If you don’t have binoculars, borrow a pair. If you have a telescope, make sure it’s in good working order.
People in North America are going to be able to see four lunar eclipses unfold during a two year period that begins late on the night of April 14th. The eclipses will occur about once every six months. It’s known as the tetrad. It’s not unusual to have one eclipse follow another. But it is rare to have four consecutive total lunar eclipses evenly spaced in time.
San Diego will be exposed to a second total eclipse on October 8th, a partial eclipse on April 4, 2015, and a total eclipse on Sept. 27, 2015.
During this month’s eclipse, people across San Diego County will begin to see the moon slip into Earth’s shadow at 9:55 p.m. on April 14th. The full eclipse starts at 12:08 a.m. April 15th, and the event ends at 3:36 a.m.
It could be a breathtaking event. Scientists say that if skies are clear, people will see the color of the moon change from a silvery white to a coppery red, then turn back to silver.
“The moon can take on a reddish appearance during a lunar eclipse because some sunlight gets through the Earth’s atmosphere and that light still hits the moon,” said Lisa Will, an astrophysicist at San Diego City College. “The parts of the atmosphere that the light is filtering through are over the locations along the earth’s terminator (the line between night and day) that are experiencing sunrise and sunset. So we’re basically seeing the light from sunrises and sunsets all over the Earth hitting the moon. Depending on atmospheric conditions, the moon can look yellow to vivid red.”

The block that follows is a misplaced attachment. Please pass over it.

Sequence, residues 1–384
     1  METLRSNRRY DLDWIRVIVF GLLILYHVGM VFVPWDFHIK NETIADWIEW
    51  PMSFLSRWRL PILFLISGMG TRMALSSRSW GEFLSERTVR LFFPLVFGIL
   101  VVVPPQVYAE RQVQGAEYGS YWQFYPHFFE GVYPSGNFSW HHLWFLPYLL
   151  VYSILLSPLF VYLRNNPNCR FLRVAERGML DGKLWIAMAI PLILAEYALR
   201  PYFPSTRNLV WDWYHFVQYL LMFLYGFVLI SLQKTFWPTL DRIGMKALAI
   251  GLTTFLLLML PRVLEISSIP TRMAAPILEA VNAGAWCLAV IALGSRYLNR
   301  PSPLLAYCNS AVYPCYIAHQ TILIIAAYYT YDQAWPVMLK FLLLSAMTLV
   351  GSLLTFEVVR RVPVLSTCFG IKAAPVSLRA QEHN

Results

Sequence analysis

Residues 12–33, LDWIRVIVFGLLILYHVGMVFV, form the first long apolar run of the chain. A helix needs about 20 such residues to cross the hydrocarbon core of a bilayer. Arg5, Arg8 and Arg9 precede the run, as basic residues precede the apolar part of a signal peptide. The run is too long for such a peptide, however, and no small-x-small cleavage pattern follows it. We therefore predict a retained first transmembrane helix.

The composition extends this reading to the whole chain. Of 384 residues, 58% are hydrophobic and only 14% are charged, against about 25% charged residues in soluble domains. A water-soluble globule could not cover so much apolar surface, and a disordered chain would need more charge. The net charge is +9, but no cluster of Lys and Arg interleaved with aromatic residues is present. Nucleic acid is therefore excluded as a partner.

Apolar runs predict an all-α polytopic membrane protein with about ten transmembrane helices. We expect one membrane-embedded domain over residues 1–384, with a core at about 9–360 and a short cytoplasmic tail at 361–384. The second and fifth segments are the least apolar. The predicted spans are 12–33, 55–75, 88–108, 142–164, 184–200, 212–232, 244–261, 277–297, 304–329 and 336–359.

The eclipse is only one of a series of beautiful sites that will appear in local skies during 2014. Here’s a sample of what’s coming up.
APRIL 8: Mars and the sun will be on opposite sides of the sky as seen from Earth, a phenomenon known as opposition. This opposition occurs every 26 months. Mars will be easy to see on April 8. Look for it on the eastern horizon at sunset. Six days later, on April 14, Mars and Earth will reach their closest point to each other this year. They’ll be 57,166,149 miles apart. The two planets won’t get that close again until May 2016.
MAY 10: Saturn and the sun will be on opposite sides of the sky as seen from Earth — an opposition that occurs once a year. Saturn, the second largest planet in our solar system, will be visible as it rises in the southeast. Astronomer Dominic Ford says on his website, In-The-Sky.org that, “For a few hours around the exact moment of opposition, it may be possible to discern a marked brightening of Saturn’s rings in comparison to the planet’s disk, known as the Seeliger Effect.”
JUNE 7: The gibbous moon will pass within two degrees of Mars in the western sky, creating a pretty conjunction that should appeal to astrophotographers. Astronomy.org says the planets will be visible for six hours.
— Gary Robbins